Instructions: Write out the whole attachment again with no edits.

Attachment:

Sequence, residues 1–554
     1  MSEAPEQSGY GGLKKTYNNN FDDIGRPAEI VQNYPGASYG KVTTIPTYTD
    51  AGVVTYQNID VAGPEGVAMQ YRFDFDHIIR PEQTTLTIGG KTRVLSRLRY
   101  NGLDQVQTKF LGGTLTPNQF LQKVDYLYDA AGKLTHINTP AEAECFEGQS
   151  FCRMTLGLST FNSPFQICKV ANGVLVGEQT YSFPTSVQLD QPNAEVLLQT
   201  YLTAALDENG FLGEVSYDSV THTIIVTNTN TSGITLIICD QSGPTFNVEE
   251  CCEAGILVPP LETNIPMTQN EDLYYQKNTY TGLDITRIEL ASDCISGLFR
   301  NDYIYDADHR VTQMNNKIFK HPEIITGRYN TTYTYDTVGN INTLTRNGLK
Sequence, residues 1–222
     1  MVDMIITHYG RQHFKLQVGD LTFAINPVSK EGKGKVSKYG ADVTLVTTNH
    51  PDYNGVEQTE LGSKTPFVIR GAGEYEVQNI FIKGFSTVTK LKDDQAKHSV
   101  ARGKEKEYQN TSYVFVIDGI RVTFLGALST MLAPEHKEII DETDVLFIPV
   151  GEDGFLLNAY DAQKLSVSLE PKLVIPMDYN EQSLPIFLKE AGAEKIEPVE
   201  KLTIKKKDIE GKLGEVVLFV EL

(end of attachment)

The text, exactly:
Sequence, residues 1–554
     1  MSEAPEQSGY GGLKKTYNNN FDDIGRPAEI VQNYPGASYG KVTTIPTYTD
    51  AGVVTYQNID VAGPEGVAMQ YRFDFDHIIR PEQTTLTIGG KTRVLSRLRY
   101  NGLDQVQTKF LGGTLTPNQF LQKVDYLYDA AGKLTHINTP AEAECFEGQS
   151  FCRMTLGLST FNSPFQICKV ANGVLVGEQT YSFPTSVQLD QPNAEVLLQT
   201  YLTAALDENG FLGEVSYDSV THTIIVTNTN TSGITLIICD QSGPTFNVEE
   251  CCEAGILVPP LETNIPMTQN EDLYYQKNTY TGLDITRIEL ASDCISGLFR
   301  NDYIYDADHR VTQMNNKIFK HPEIITGRYN TTYTYDTVGN INTLTRNGLK
Sequence, residues 1–222
     1  MVDMIITHYG RQHFKLQVGD LTFAINPVSK EGKGKVSKYG ADVTLVTTNH
    51  PDYNGVEQTE LGSKTPFVIR GAGEYEVQNI FIKGFSTVTK LKDDQAKHSV
   101  ARGKEKEYQN TSYVFVIDGI RVTFLGALST MLAPEHKEII DETDVLFIPV
   151  GEDGFLLNAY DAQKLSVSLE PKLVIPMDYN EQSLPIFLKE AGAEKIEPVE
   201  KLTIKKKDIE GKLGEVVLFV EL